Skin Care Ingredients and Facial Products
The outermost layer of the skin, the stratum corneum or epidermis, is essential for our health. It protects us from environmental toxins, UV, etc. But it’s more than just a protective lining: it’s part of a complex system that interacts with our cells to help keep our skin constantly balanced and in homeostasis. Our epidermis helps to prevent water loss, fights infections, and creates an ideal acidic environment for our skin’s microbiome.
Do facial products make your skin sting or feel tight and uncomfortable? Does your skin seem to be red and irritated or rough and flaky, no matter what you do? Are you dealing with chronic breakouts like acne, perioral dermatitis, eczema, or rosacea? These are all signs of a damaged skin barrier. The skin is the body’s gatekeeper to the outside world and one of the few organs that can regenerate itself. The skin craves homeostasis and, when supported correctly, a healthy skin barrier can heal and balance itself, making you less prone to irritation and breakouts in the first place.
Why is barrier function so important? The answer comes down to hydration. When the barrier is intact, water is retained in the skin, which is necessary for enzymatic reactions and also for skin health. A strong barrier prevents bacteria, viruses, and other potential contaminants from entering the skin and triggering an inflammatory response. When the skin isn’t concerned about fighting invaders, it can focus on healing and regeneration.
Is your skin barrier damaged?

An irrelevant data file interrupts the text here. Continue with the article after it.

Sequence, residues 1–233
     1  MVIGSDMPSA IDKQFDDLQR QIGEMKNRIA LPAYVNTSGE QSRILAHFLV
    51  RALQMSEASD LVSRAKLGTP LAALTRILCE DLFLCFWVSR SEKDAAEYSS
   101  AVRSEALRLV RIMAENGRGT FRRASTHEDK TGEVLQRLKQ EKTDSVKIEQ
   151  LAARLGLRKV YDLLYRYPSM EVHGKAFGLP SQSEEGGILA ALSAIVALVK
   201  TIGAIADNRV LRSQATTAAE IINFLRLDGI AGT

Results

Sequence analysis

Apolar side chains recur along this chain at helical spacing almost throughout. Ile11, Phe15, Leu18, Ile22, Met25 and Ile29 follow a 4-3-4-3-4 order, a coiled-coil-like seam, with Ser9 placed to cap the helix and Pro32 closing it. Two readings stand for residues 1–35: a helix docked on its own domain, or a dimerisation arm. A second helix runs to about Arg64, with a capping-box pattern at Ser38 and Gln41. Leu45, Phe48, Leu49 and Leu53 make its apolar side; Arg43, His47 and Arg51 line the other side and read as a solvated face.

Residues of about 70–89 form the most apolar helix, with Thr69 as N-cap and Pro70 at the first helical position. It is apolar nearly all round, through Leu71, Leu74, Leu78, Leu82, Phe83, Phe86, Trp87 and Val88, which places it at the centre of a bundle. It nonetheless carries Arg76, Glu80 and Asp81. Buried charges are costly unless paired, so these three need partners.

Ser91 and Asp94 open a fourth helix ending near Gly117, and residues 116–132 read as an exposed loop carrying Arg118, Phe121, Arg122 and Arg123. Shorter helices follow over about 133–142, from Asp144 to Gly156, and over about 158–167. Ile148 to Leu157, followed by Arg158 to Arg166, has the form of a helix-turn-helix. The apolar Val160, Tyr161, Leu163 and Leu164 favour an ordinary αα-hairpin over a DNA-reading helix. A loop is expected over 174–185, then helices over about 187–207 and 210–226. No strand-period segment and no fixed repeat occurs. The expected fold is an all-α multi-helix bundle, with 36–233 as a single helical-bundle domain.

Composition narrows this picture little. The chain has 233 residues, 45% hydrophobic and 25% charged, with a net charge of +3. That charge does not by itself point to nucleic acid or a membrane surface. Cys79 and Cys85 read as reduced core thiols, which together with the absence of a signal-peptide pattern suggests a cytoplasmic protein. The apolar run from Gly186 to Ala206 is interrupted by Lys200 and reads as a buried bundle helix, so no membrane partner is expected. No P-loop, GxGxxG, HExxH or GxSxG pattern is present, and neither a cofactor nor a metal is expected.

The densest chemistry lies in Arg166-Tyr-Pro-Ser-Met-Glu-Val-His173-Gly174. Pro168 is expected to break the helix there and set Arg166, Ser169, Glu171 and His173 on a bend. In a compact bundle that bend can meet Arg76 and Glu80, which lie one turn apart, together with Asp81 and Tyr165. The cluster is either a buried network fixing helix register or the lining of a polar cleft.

While dry, rough, or flaky skin, or dealing with frequent breakouts of acne, perioral dermatitis, eczema, or rosacea may seem like obvious signs that something is amiss, other habits and conditions could also mean your skin barrier needs immediate attention! For example:
- Skin feels tight and irritated after cleansing
- Products make your skin sting or burn
- Using harsh products to combat breakouts
- Commonly taking long, hot showers, or washing your face with hot water
- Exfoliating with abrasive scrubs or towels
- Regularly using the oil cleansing method
A word on oil cleansing: While many people swear by the oil-cleansing method, for some it can do more harm than good. The premise behind oil cleansing is simple: since "like dissolves like," cleansing oil will dissolve excess oil in your pores, and the follow-up hot compress will whisk it all away. But if your skin is already sensitized, this process may be too harsh: the hot compress may dry out and further damage your skin barrier, while the oils can clog and create a feeding ground for fungal acne, and allow bacteria and dead skin cells to build up on the skin.
The acid mantle and hydration
Skincare practices can literally make or break the skin barrier. If you are dealing with any form of skin condition, the skin barrier is already prone to further sensitization and irritation. Focusing on repairing the barrier first, and only then clearing up conditions like acne, eczema, or perioral dermatitis is the secret to healthy skin. One big mistake with chronic skin conditions is the overuse of harsh products to combat acne and other unwanted breakouts. These products are typically aimed at stripping the skin barrier and drying out the skin.
Instead, consider the pH levels of the products you use. Skin is protected by the acid mantle, a very fine, slightly acidic, protective film comprised of sebum and sweat that defends against contaminants, bacteria, and even viruses. The acid mantle is very sensitive and even the slightest shift in pH can compromise this delicate shield. To best support your acid mantle, look for a cleanser that closely mimics skin’s natural pH (which is slightly acidic, averaging somewhere around 4.7). Often labeled as “low pH,” these cleansers will ensure your skin’s acid mantle can do its job.